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Note 16:


Note 16a: Voiceless vowels

The fado louco © sample shows how vowels (mostly /i/, /u/ and /1/, all close vowels, coincidence or not) in final and initial position and also between voiceless consonants, can easily become very short and voiceless in Portuguese.
More examples of this can be heard at the Portuguese section of the sound samples of the Handbook of the International Phonetic Association: In the narrative about the ‘sun and the northern wind’ (o sol e o vento norte) in this material is the passage "até que o vento norte desistiu". The syllables ‘tedesist’ are completely voiceless there, vowels included: [nOrt1_O_Xd_O1_O_Xz_Oi_O_XStiw] or even [nOrttsStiw].
(In IPA phonetic transcription, such devoicing is indicated with a ring below, symbol 0325, e.g. [u̥], here I used X-SAMPA’s _O for that.)

This devoicing of vowels is one of the things that can make the spoken language so hard to understand to the uninitiated foreign learner. Most other languages handle such cases differently, so foreigners tend to misinterpret the situation, and fail to recognise any words.
One other example is the word ‘intérprete’, which I heard in Portugal on the classical music radio station called Antena 2. This word has two normal voiced syllables (of course with the exception of the t), but the third and fourth unstressed syllables (prete) are completely unvoiced.
The same thing happens in the words mérite, polémico, príncipe, eléctrico, trânsito (all of these have only one syllable), Atlântico, fantástico, catástrofe, estereótipo, o helicóptero (two syllables): the syllable that bears the stress is voiced, but the two that follow are voiceless, including the vowels.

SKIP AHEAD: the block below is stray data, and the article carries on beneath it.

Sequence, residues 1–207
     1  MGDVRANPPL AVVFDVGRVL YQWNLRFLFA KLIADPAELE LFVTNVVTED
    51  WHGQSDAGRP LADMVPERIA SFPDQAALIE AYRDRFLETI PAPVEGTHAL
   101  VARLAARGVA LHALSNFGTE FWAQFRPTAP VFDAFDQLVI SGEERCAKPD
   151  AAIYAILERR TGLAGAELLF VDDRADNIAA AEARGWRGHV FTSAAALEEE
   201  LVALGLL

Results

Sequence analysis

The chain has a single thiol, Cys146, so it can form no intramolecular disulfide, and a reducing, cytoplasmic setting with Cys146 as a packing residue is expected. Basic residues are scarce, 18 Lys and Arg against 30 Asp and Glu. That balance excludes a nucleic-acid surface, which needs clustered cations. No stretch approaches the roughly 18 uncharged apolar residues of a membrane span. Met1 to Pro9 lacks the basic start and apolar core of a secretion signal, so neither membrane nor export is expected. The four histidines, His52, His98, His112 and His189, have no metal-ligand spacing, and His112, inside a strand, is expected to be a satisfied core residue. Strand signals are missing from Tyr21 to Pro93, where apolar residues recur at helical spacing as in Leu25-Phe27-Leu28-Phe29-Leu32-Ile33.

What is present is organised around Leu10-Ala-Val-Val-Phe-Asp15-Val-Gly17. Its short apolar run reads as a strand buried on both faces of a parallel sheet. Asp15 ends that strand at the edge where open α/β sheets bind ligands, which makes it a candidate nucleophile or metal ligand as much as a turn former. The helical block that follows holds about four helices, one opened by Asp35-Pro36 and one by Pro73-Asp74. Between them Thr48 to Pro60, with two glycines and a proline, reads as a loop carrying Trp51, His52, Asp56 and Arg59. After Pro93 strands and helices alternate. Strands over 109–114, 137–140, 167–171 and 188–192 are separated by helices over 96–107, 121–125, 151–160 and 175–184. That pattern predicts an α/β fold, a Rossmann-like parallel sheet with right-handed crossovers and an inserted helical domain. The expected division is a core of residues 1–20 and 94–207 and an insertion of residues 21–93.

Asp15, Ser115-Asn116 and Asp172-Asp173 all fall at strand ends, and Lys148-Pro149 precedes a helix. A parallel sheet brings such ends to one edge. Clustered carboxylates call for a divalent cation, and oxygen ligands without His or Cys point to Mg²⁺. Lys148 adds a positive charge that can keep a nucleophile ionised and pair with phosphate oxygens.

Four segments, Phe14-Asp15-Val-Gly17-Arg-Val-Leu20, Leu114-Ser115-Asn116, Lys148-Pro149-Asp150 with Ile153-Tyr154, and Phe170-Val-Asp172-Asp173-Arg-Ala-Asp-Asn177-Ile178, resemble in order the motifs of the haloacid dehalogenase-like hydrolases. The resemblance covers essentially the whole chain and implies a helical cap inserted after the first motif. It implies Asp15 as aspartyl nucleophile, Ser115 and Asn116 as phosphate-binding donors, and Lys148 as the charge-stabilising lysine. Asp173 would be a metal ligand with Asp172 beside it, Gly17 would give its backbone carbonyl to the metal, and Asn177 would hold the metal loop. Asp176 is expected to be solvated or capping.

Note 16b: Consonants clusters

I think we can take this reasoning a step further. It is often said that Portuguese people swallow most or all vowels, but I don't think this is true: although short and sometimes voiceless, all the vowels are actually there.

I think what really happens – and what makes the language sometimes resemble Georgian or Tamazight, and Salishan languages, which are famous for their unlikely consonant clusters – is that the unstressed (and non-nasalised) vowels /i/, /u/ and /1/ do not make their own syllables. As a result, many words and expressions in which the uninitiated listener would expect many different syllables, in fact have far fewer, or even just one. Brazilian Portuguese does not have this feature, which is why Brazilians often find Spanish easier to understand than their own language as spoken by Portuguese or African people. They have almost as much understanding difficulty as other people, who have a completely different language as their mother tongue, because of this unusual way of building syllables.


Word or expression Number of syllables
(core vowel in bold)
Max. number of adjacent consonants
(not counting non-syllabic vowels)
Portugal1 (not 3)4 [prtg]
Português1 (not 3)4 [prtg]
telefonou1 (not 4)4 [tlfn]
telefonar1 (not 4)4 [tlfn]
o telefone1 (not 5)3 [tlf]
enigmático1 (not 5)3 [ngm]
helicóptero1 (not 5)3 [ptr]
Fevereiro1 (not 4)3 [fvr]
turístico1 (not 4)3 [stk]
de repente1 (not 4)3 [dR\p]